Despite being the mentor of Wittgenstein (or perhaps because of it) Russell did not approve of the linguistic turn. In an interview in 1960, Russell aired his dissatisfaction with linguistic philosophy by telling a story of being on the road to Winchester. Being slightly lost, Russell entered a local shop. “Would you know the shortest way to Winchester?” He asked the clerk. The clerk shook his head and shouted “hey, what’s the shortest way to Winchester?” An old man replied from the room at the back of the shop.

“The way?”


“The shortest?”


“To Winchester?”


I do not know.” 

Russell was unimpressed. For him linguistic philosophy was little more interesting than the old man’s approach to his straightforward question. 

(7) Philosophy as a body of speculative knowledge 

In the same interview, Russell continued to give his own view of philosophy. According to him, philosophy “consists of speculations about matters where exact knowledge is not yet possible.”  

In this sense, philosophy is a kind of proto-science. Any part of philosophy can, at any point, looe its place within philosophy and become a part of science. Isaiah Berlin echoed this view saying that philosophy continuously “sheds its skin” to science. As an example of this process, Russell gives the atomic theory speculated first Democritus of ancient Athens. The atomic theory of Democritus was a philosophical one. The atomic theory of today is a scientific one.  

(Russell goes on to make what I would call a serious mistake: he claims that the atomic theory has turned out to be true. It might be worth noting that this is a contestable point: the “atoms” of modern science are divisible and lack solidity, and, as Russell himself has noted, are everything but the “small cannonballs” that popular imaginations assume them to be. In many ways, they are an anathema to what Democritus held atoms to be. I will be posting more about this matter. But let us leave it aside for now. )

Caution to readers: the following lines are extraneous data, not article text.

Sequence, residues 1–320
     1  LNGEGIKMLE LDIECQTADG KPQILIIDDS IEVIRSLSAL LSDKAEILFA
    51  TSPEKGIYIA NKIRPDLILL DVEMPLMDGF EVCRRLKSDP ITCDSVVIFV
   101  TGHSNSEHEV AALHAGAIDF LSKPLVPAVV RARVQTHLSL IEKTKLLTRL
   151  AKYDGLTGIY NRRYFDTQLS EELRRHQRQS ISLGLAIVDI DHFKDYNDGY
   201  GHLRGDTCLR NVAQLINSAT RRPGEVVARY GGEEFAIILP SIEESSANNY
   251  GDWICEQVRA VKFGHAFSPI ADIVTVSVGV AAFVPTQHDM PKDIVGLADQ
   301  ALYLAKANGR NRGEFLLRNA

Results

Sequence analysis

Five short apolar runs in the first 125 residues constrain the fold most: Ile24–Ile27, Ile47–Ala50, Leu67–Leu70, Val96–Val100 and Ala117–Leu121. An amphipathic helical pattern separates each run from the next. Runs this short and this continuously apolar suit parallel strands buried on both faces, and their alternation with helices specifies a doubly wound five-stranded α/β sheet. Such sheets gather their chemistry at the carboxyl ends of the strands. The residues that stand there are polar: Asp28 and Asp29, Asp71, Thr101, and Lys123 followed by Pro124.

We might ask what exactly is the value of such a speculative enterprise. Russell says that such a speculative endeavour is all but trivial:

“After all, scientific knowledge covers a very small part of what interests mankind, and ought to interest them .. And I don’t want people’s imagination to be limited and be enclosed with what we can now know. And I think to enlarge your imaginative purview into the hypothetical realm is one of the uses of philosophy.” 

(8) Philosophy as much more 

The aim of this short review was to give a comprehensive or exhaustive list of possible answers. There are many more. 

For Feng Yulan, philosophy’s aim is neither to produce knowledge, nor explanations, but rather to elevate the mind. In this regard, philosophy becomes a kind of poetry of reality. According to Feng, the philosophical Sages live their lives much like all of us, but do so with a certain kind of concealed nobility and purposiveness.  

For Gilles Deleuze, philosophers are creators of new concepts. Philosophers do not describe reality, like scientists do, but create new concepts to understand the world. Indeed, it is difficult to imagine what our daily discussion would be like without concepts crafted by philosophers. The idea of “rights” was invented by Early Modern philosophers such as Locke. The idea of “culture”, as in “cultural differences”,  is traceable to thinkers such as Giambattista Vico and and Johann Gottlieb Herder. The very term “creativity”, was coined in the 1940’s by Alfred North Whitehead, a teacher and colleague of Bertrand Russell. 

After reviewing a variety of ways to think about philosophy I suggest we take a case study of studying the major questions in early modern European philosophy. This will be the topic of part II of this essay.

Leave a Reply

Fill in your details below or click an icon to log in:

WordPress.com Logo

You are commenting using your WordPress.com account. Log Out /  Change )

Facebook photo

You are commenting using your Facebook account. Log Out /  Change )

Connecting to %s

%d bloggers like this: